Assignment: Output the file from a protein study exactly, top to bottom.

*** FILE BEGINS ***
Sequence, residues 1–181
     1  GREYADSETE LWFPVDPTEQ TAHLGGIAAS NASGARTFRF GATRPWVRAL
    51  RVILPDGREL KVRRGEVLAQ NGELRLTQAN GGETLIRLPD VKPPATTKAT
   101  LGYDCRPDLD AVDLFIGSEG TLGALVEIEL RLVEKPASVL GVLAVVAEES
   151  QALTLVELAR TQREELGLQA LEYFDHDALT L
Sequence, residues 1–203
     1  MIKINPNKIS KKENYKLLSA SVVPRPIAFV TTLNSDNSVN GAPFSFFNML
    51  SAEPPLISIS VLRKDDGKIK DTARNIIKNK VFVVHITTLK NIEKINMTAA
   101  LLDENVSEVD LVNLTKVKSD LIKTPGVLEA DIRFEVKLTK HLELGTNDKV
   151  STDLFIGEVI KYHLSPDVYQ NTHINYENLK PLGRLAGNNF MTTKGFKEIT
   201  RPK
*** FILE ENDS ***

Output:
Sequence, residues 1–181
     1  GREYADSETE LWFPVDPTEQ TAHLGGIAAS NASGARTFRF GATRPWVRAL
    51  RVILPDGREL KVRRGEVLAQ NGELRLTQAN GGETLIRLPD VKPPATTKAT
   101  LGYDCRPDLD AVDLFIGSEG TLGALVEIEL RLVEKPASVL GVLAVVAEES
   151  QALTLVELAR TQREELGLQA LEYFDHDALT L
Sequence, residues 1–203
     1  MIKINPNKIS KKENYKLLSA SVVPRPIAFV TTLNSDNSVN GAPFSFFNML
    51  SAEPPLISIS VLRKDDGKIK DTARNIIKNK VFVVHITTLK NIEKINMTAA
   101  LLDENVSEVD LVNLTKVKSD LIKTPGVLEA DIRFEVKLTK HLELGTNDKV
   151  STDLFIGEVI KYHLSPDVYQ NTHINYENLK PLGRLAGNNF MTTKGFKEIT
   201  RPK